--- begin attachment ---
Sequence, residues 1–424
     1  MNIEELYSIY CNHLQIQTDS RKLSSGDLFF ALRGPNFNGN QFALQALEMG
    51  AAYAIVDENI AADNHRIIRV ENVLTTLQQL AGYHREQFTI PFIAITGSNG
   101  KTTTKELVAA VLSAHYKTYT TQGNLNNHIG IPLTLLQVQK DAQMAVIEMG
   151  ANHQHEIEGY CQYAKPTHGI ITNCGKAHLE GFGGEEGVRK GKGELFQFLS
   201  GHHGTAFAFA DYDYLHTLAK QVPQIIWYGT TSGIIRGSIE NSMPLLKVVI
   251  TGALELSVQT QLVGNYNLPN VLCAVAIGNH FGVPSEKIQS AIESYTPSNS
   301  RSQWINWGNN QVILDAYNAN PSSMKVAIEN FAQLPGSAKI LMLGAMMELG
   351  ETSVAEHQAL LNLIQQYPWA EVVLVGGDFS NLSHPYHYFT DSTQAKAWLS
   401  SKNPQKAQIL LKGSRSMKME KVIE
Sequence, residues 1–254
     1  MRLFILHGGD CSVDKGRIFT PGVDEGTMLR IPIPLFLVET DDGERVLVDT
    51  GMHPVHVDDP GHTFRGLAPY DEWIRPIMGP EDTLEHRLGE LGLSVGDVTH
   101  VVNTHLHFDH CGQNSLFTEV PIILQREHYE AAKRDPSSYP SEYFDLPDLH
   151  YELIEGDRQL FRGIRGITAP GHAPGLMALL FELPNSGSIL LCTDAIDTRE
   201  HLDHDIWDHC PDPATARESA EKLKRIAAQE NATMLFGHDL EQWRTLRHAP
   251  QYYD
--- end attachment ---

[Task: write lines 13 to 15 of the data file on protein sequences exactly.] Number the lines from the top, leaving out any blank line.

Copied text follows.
    51  GMHPVHVDDP GHTFRGLAPY DEWIRPIMGP EDTLEHRLGE LGLSVGDVTH
   101  VVNTHLHFDH CGQNSLFTEV PIILQREHYE AAKRDPSSYP SEYFDLPDLH
   151  YELIEGDRQL FRGIRGITAP GHAPGLMALL FELPNSGSIL LCTDAIDTRE